It’s not often I get to review a game that’s so very honest about what it is: A hidden object/person search in the purest sense of the word, where the entire point is to click on things in the hope that yes, that’s the one you’re looking for. Or, y’know, get eyestrain trying to do it legitimately. That’s an option too.
Clicking on things, as it turns out, is the wiser option. As is discovering the scroll wheel does zoom in and out in many places. And that click and drag moves things. The game doesn’t outright tell you any of this, but you do discover it fairly quickly and organically, so I can’t really have a go at the developers for that.
In fact, there’s a lot going for what, at first, appears a simple and unassuming game, and a lot of that is because the developers have done their homework on both their source inspiration (Things like the Where’s Wally?/Waldo? books) and how a game… Can somewhat get around the limitations of their source.
Like the hidden person books from which they’ve drawn inspiration, there are stories in each image. The butterfly hunt. A day at the farm. A concert in the middle of the desert, which proved… Not to be the best idea. But interaction is required to fully spot everything you want (Although you can move forward before spotting everything, if you so desire, which is very nice.) Some people and objects are hidden behind leaves, or rocks that you drag, or, in one case, you have to appease the gods of the corn for your blessing to appear (Yes, I’m being cryptic. It’s not a long game, so I’m trying my damnedest not to give you any hints that the game isn’t.) Clicking on the objects to find in the bottom bar will give you a hint. Not always a very useful hint, but then, they weren’t always very useful in the Where’s Wally books either. And, of course, sometimes something is more apparent zoomed in, than zoomed out.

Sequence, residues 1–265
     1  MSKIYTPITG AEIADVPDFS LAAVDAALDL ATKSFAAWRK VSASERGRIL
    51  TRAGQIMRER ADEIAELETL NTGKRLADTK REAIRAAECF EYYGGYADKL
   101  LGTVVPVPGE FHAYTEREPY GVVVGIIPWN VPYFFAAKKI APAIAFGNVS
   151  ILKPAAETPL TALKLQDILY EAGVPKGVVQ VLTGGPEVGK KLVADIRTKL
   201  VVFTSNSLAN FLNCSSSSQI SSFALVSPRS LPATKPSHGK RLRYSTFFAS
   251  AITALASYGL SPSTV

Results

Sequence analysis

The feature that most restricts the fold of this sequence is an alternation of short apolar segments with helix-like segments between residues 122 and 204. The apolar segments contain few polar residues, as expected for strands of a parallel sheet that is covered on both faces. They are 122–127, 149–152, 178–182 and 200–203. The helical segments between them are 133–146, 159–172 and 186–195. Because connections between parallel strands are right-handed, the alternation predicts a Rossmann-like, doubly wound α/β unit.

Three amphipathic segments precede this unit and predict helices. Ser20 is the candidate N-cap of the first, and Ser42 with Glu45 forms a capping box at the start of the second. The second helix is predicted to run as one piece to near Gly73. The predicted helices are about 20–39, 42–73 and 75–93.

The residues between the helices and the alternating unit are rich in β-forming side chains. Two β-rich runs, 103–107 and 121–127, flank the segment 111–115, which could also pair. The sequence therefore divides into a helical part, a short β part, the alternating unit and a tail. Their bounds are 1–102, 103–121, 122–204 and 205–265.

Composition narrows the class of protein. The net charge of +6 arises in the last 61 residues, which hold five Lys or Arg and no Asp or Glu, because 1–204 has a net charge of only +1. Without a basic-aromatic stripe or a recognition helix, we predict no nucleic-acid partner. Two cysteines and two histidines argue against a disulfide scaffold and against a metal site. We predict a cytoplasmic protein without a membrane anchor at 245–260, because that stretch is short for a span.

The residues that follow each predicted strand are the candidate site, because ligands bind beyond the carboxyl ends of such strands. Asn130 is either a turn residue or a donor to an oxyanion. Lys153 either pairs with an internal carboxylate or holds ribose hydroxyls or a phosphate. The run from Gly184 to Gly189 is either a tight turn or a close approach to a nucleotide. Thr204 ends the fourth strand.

Adding to this is the charm of the audio. Pretty much everything is done, soundwise, via foley, aka “Let’s try and imitate the noises with our mouths”, and I shamelessly love that. There’s a sense of playfulness about it as a result. Similarly, while the black and white line-art of the visuals may be a turn-off for some, it neatly sidesteps colourblindness issues that could be such a problem in hidden person books, and, again, it has charm.
Honestly, there’s only two things I would really criticise, and both of those are effectively niggles: The flavour text boxes for each level don’t run on a replay (You can delete your progress and replay), and the varieties of left mouse interaction aren’t very well explained (But become apparent with experimentation on the second level.)
For the price, one and a half times that of one of those pocket Where’s Wally books, I’d honestly recommend Hidden Folks to fans of this sort of thing, and for folks who want a relaxing, somewhat likeable game that involves just exploring the landscape.
The Mad Welshman grinned as he moved the train down the tracks. Ostensibly, he’d find one of those people he was hired to… But the hero tied up in front was definitely a bonus!